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Parade of a century, and then some

Navy vet Davis Bussey celebrates his 106th birthday at the Paloma Landing Independent Retirement Living facility on Wednesday with a drive-by parade of police cruisers, vintage and modern fire trucks, and 1970s muscle cars. (Roberto E. Rosales/Albuquerque Journal)

Copyright © 2020 Albuquerque Journal

What do you get a U.S. Navy veteran for his 106th birthday?

Davis May Bussey got a parade.

As a law enforcement helicopter circled above, vintage and modern fire trucks, police cruisers and 1970s muscle cars conducted a drive-by parade Wednesday in front of the Paloma Landing Independent Living campus, where Bussey has lived for the past decade.

“I’m very honored, very humbled and very thankful that so many people went out of their way for me today,” said Bussey, who is known to his friends as Dave and to members of his extended family as Bear.

The parade and presentation of gifts, including a certificate of appreciation “for having served faithfully and honorably in the United States Navy,” were coordinated by the management of Paloma Landing, the state Department of Veterans Services and members of Bussey’s family.

Highlighting parts of his long life, Bussey said he was born July 15, 1914, on a 275-acre cotton farm in Modoc, South Carolina. “I had three brothers and two sisters. I was cotton picker No. 3. I never really enjoyed the work and had a strong desire to travel.”

Around the time he turned 18, he saw posters with the slogan “Join the Navy and see the world.” He remembered thinking, “‘That’s just right for me.’ So, in 1932, I enlisted, and went through boot camp and was selected to attend radio operator school.”

He was aboard the battleship New York when it led a flotilla of 13 war ships into New York Harbor. The city was good to him. Bussey and two shipmates were in Central Park when they met the three Schimmer sisters. He and Kay Schimmer hit it off.

“After our first date, thinking I was doing what was expected, I attempted to give her a goodnight kiss and she smacked me in the face.”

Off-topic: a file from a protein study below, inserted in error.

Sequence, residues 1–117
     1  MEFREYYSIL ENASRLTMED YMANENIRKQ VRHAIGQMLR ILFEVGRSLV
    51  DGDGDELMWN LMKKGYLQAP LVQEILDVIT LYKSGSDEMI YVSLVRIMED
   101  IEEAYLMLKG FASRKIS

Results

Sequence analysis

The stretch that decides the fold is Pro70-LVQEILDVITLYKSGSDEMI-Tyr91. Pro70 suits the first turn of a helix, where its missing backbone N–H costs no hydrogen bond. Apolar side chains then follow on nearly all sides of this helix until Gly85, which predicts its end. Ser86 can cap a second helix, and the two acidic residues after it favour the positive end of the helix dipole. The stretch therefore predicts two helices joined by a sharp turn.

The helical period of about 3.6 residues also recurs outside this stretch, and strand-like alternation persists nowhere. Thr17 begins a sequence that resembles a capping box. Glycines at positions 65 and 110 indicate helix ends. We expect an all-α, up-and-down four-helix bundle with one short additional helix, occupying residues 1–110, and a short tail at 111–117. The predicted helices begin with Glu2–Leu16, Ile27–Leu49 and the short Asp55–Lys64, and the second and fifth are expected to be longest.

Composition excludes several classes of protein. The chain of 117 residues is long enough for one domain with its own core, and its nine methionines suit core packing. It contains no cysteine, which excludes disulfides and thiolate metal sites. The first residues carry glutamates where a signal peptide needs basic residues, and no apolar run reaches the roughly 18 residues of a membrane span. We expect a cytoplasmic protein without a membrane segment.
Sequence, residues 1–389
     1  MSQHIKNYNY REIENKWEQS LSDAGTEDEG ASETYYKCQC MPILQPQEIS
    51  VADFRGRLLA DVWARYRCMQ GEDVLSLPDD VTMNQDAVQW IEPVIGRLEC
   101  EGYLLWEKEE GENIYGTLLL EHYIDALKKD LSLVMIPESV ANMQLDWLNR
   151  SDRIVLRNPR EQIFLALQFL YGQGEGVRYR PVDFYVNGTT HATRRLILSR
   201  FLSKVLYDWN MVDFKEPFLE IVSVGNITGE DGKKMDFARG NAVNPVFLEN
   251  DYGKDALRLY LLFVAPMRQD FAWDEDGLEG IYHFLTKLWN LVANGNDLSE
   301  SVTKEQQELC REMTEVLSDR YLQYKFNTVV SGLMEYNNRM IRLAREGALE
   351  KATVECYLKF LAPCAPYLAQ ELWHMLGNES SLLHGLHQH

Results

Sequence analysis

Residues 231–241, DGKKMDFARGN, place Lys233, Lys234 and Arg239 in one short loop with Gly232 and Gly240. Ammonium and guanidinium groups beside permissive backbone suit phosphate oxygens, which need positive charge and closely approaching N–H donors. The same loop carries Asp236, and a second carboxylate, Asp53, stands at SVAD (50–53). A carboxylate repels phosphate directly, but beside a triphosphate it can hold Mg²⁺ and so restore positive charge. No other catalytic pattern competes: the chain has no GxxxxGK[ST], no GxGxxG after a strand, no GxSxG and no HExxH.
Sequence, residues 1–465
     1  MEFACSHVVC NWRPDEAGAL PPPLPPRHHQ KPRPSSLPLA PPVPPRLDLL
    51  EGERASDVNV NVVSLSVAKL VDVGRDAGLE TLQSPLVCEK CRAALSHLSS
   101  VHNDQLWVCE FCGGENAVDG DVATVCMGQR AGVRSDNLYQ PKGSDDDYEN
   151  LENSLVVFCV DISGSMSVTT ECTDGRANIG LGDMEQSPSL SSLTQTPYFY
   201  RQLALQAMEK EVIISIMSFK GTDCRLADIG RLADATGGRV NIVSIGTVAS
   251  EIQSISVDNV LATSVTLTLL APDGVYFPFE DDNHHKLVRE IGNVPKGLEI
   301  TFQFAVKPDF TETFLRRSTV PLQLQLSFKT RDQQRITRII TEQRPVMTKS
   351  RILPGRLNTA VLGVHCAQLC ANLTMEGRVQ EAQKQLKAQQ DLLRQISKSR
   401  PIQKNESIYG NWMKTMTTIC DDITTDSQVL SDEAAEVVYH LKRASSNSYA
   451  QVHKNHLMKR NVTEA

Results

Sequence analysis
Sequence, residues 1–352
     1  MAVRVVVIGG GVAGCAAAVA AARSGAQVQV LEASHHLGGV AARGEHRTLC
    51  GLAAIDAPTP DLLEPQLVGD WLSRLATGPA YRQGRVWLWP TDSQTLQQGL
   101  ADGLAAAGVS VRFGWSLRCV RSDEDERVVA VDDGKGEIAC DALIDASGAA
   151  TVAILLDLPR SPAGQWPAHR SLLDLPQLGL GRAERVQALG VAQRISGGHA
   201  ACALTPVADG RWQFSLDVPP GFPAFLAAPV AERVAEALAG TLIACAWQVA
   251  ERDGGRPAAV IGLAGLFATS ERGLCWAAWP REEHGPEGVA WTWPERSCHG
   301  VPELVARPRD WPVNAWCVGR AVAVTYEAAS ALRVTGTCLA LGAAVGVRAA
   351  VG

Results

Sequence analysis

Despite that grievous offense, the couple later married and raised three children; they had been together for 60 years when Kay died in 1997.

His last assignment before he left the Navy in 1937 was aboard the USS Langley, the Navy’s first aircraft carrier.

Rejoining civilian life, the newly married Bussey took a job as an aviation radioman with the federal Bureau of Air Commerce, and later became an air traffic controller. The bureau, he said, “had landing fields every 50 miles along the civil airway, and I was assigned to Acomita, N.M.” Subsequent assignments took him to El Paso, Washington, D.C., Ardmore, Oklahoma, Santa Fe and Albuquerque, where he eventually became a manager of the Albuquerque Flight Service Station, retiring in 1972.

“After I retired, my wife said she wanted to see Hawaii,” Bussey recalled. “So, in 1973, we went there and she liked it so much she said we have to come back. So we did. Every year for 20 years, we spent the entire month of January in Hawaii.”

In 2011, Bussey’s family took him to see Paloma Landing. “We got here just as they were starting lunch, and everybody was sitting in the dining room laughing and talking, and just having a ball. I said, ‘this is for me.’ ”

Asked his secret to a long life, Bussey said he never smoked, exercises daily and eats healthy.

Despite that, he confessed, his hearing isn’t as good as it once was.

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